The purpose of fighting is to win.
There is no possible victory in defense.
The sword is more important than the shield and skill is more important than either one.
The final weapon is the brain…all else is supplemental.

You WILL fight the way you train! Train with intensity. Fight to WIN!



INTRODUCTION
Rapid Deployment Methodology
As workplace violence and active shooter incidents in schools become more frequent, law enforcement is faced with the task of developing rapid deployment techniques to deal with these situations.
The disturbing results we have witnessed from incidents at Columbine High School, Virginia Tech and the Militant Muslim Extremist attack on the Beslan middle school in Russia have brought a sobering reality to law enforcement of what lies ahead for us in the future.
The Department of Homeland Security has realized the need for training and preparation in anticipation of domestic attacks by active shooters and terrorists in the future, and has focused millions of dollars into arming and training state and local law enforcement agencies and officers.
The training programs that have been established focus on direct to threat concepts that coordinate first responders to identify active shooter situations, fix and locate the active shooter, move to contact with the active shooter and engage the active shooter until he is contained or neutralized.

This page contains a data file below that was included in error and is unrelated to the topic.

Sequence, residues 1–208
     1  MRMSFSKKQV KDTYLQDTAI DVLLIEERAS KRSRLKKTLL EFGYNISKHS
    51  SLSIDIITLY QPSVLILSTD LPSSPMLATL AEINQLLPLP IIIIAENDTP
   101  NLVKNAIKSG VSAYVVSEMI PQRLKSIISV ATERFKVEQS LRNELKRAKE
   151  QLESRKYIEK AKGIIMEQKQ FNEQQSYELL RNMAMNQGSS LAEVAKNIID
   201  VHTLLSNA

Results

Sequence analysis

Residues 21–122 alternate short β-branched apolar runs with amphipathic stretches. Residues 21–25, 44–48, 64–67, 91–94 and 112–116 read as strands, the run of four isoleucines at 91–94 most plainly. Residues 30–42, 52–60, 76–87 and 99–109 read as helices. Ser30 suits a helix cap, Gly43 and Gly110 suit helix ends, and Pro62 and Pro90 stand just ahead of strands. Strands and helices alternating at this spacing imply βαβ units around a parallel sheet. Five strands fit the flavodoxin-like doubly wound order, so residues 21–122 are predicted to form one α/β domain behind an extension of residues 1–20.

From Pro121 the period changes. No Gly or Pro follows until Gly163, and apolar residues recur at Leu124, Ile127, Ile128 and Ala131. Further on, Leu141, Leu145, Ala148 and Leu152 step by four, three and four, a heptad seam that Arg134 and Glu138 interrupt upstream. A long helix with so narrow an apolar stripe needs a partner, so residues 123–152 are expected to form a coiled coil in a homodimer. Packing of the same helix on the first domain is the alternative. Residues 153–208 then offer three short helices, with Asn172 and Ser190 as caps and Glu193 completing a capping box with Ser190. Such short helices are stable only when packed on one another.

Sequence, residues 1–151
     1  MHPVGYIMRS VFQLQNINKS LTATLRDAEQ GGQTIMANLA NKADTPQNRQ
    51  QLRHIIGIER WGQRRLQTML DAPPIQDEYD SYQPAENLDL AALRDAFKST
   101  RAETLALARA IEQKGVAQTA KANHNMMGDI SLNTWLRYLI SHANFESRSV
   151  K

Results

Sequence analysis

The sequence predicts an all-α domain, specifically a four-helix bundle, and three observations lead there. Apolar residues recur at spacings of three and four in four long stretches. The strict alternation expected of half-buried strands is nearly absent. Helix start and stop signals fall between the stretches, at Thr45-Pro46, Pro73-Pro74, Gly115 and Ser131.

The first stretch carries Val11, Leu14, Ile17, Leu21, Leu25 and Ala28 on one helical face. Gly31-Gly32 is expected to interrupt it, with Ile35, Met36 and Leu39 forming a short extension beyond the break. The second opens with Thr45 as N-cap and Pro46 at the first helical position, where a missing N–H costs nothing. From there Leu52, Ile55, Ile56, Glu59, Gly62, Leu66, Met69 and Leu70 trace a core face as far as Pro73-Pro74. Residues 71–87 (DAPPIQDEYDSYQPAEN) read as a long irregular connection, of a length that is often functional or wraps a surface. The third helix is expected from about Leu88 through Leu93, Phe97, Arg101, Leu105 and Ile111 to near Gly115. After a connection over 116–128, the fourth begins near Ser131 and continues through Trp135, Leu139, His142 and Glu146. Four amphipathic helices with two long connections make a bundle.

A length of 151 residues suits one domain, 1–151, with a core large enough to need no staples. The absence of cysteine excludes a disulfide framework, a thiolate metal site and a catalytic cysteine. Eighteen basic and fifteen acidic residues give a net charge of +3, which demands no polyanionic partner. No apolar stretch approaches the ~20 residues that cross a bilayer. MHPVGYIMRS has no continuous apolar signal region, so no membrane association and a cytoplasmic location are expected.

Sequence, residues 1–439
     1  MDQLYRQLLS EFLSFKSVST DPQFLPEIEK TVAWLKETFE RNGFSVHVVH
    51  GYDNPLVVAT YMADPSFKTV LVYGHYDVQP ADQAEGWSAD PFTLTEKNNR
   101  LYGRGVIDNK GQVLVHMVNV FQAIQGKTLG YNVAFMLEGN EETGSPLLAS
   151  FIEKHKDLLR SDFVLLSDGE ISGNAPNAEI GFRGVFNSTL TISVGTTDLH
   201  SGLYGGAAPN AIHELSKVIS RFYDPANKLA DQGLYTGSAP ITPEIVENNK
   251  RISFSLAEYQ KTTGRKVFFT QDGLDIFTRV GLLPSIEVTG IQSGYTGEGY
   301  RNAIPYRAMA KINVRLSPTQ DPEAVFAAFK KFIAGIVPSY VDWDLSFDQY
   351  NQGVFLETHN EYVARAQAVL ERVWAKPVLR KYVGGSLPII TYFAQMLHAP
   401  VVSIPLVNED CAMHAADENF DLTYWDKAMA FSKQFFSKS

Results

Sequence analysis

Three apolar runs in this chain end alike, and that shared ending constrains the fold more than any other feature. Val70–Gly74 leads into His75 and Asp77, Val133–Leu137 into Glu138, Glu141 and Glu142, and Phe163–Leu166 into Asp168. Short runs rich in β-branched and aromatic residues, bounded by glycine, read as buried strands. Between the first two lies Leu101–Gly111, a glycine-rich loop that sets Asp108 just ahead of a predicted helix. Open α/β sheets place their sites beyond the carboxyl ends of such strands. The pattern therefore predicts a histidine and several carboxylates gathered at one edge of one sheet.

Using decisive aggressive action, first responders are trained and conditioned to take offensive action against active shooters and potential terrorists to stop their deadly actions.
For the first time in the history of American law enforcement, first responders are conditioned to bypass injured citizens and proceed directly to engagement with the active shooter.
First responders are also being trained and conditioned for contact with active shooters and terrorists that have prepared for law enforcement response to their deadly actions.
Most recently, we have seen confiscated Al Qaeda training camp videotapes that show terrorist operatives conducting raids and terrorist attacks with ambushes and contingency plans established to engage responding law enforcement personnel.
Rapid deployment patrol rifle focuses on use of the patrol rifle as an offensive weapon during a rapid deployment incident. Officers deploying patrol rifles during these types of incidents will have the means and capabilities at their disposal to quickly and efficiently end active shooter and terrorist incidents and stop violent offender’s deadly actions.
In a rapid deployment environment, where an assailant or terrorist is actively shooting people, every second counts when officers respond to save lives. Law enforcement officers will not have the luxury of time or negotiations during an event of this nature. Aggressive, decisive action will be necessary to locate, engage and neutralize the threat.

COURSE OUTLINE


Instructor Introduction and Course Description
(Classroom: Lecture)



  • Instructor(s) introduction and background.

  • Course description.

  • Terminal Performance Objectives.

  • Student Performance Objectives.

  • Course outline review.


Range Safety Rules and Emergency Medical Action Plan

(Classroom: Lecture)





    1. Safety rules and policy presentation.

      1. Treat all firearms as though they are loaded.